Electricity from the bottom of the lake

Posted on | February 28, 2012

This year we, RIXC, are again working on several projects and a strand of our activities is closely connected with the cooperation partnership project called “StudioLab” (which will last until the mid-summer of 2014). Full title of the project is “StudioLab – a new European platform for creative interactions between art and science” project, and the coordinator is Trinity College Dublin, the separate webpage for StudioLab project is also coming soon.

So, last week we – Rasa, Raitis, Mārtiņš, Daina from RIXC and Anna from Art Research Lab of LiepU – visited Institute of Solid State Physics at University of Latvia (ISSP UL) for very exciting meetings with scientists and ‘bacteria battery’ workshop!

People we met at ISSP UL were Dr.phys. Jānis Kleperis, head of Laboratory of Hydrogen Energy Materials and Msc. Ilze Dimanta and Msc. Arturs Gruduls and they all are particularly interested in renewable energy sources.

We introduced they to our projects and they in turn explained what they were working on in their laboratories at the Institute located nicely on the very Daugava river bank. Jānis Kleperis and Ilze Dimanta are researching hydrogen’s quality being a carrier of clean energy which can be obtained on any place on Earth (including water). And, for the record, they are not new in the field – hydrogen based research in Latvia has a history of more than 100 years. Ilze is currently working on her PhD researching future possibilities of bacteria, namely, trying to dig out the most effective combination of bacteria and substratum for hydrogen production.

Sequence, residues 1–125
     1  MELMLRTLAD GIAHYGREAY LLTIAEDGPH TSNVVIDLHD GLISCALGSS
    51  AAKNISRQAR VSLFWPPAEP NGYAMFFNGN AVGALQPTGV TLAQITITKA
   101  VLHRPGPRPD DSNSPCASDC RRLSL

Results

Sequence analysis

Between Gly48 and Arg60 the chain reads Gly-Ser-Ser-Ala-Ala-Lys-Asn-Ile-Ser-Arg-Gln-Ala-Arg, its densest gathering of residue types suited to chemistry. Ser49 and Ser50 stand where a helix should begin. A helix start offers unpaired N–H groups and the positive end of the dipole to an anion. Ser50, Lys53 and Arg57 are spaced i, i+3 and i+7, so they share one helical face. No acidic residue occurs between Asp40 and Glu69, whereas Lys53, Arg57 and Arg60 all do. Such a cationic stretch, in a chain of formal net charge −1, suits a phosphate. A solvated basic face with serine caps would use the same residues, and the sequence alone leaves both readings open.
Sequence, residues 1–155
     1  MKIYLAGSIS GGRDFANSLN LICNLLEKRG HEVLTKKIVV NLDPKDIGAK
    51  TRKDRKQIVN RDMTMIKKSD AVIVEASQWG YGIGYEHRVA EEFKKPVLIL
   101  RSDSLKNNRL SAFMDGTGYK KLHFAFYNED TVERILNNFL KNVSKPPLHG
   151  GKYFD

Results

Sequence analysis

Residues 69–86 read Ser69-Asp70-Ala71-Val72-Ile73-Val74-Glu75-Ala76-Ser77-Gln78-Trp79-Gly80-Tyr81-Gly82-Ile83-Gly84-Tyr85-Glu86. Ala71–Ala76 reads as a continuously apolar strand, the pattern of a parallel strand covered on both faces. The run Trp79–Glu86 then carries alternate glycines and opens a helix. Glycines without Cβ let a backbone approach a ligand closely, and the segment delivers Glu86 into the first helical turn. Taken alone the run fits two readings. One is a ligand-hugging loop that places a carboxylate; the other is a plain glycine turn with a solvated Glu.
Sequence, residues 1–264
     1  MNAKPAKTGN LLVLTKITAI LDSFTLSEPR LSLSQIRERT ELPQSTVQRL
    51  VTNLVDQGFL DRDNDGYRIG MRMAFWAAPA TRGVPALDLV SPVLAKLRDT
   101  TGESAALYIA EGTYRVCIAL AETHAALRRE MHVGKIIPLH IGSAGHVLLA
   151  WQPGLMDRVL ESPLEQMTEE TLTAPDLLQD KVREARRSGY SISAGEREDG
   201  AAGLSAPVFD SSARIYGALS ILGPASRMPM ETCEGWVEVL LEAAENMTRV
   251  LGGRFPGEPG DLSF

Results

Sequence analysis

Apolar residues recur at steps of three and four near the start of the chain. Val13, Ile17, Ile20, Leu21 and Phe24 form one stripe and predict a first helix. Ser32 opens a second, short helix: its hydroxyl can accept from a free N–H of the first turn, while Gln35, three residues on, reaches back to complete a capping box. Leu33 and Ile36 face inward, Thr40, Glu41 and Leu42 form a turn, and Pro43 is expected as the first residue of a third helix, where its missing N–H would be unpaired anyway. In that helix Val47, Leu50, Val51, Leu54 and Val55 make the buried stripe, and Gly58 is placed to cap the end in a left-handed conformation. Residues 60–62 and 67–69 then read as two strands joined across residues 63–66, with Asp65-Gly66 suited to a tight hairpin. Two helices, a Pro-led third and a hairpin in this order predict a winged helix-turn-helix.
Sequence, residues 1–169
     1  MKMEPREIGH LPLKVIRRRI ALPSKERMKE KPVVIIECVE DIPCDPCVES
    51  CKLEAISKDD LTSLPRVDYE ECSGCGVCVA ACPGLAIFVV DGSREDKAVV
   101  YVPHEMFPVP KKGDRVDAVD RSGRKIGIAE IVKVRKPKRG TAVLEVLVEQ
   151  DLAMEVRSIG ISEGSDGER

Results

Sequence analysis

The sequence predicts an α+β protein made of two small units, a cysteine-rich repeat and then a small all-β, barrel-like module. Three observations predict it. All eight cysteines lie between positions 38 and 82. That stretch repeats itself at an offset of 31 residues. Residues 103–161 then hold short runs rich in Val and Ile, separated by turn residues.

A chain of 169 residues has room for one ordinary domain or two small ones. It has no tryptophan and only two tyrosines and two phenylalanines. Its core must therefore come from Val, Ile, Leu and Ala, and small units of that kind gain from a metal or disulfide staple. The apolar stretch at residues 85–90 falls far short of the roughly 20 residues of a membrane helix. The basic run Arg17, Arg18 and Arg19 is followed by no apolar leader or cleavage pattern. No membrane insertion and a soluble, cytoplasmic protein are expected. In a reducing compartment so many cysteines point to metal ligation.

Ilze Dimanta explaining her research of E. coli bacteria in energy production. Feb 22, 2012. Photo: M. Ratniks

But our special interest this time was the work undertaken by Arturs Gruduls who uses available materials and equipment to produce energy directly out of bacteria! And so we did – under the leadership of Arturs we ourselves made battery cells.

Arturs Gruduls (centre) introducing us to what, how and what from we were about to make in the workshop. Feb 22, 2012. Photo: M. Ratniks

And the cells switched in the chain as a battery at the end of the workshop did run the electric clock! The voltage ranged for each separate cell from about 0.15 V to 1 V (depending on the size of the cell) right after they were made, but the thing is that voltage continues to grow for the next 4 hours and preserves it’s power for a half of a year. Real chance for you to power your alarm clock with the mud of the nearest lake!

Raitis pouring mud mixed with water to make the organic part of the cell. Feb 22, 2012. Photo: M. Ratniks

Extracting oxygen with the help of argon gas to make anaerobe environment. Feb 22, 2012. Photo: M. Ratniks

Testing the voltage of bacteria battery with electric clock. Feb 22, 2012. Photo: M. Ratniks

We came back from the Institute really impressed, inspired and full of ideas for the future projects, we will do our best also to keep you up to date on this page – stay tuned for more information coming with time!

An article by Jānis Kleperis et al. “Research into Hydrogen Technologies in Latvia” can be found in “Acoustic Space #8: ENERGY” publication in English and Latvian.

by Daina / RIXC

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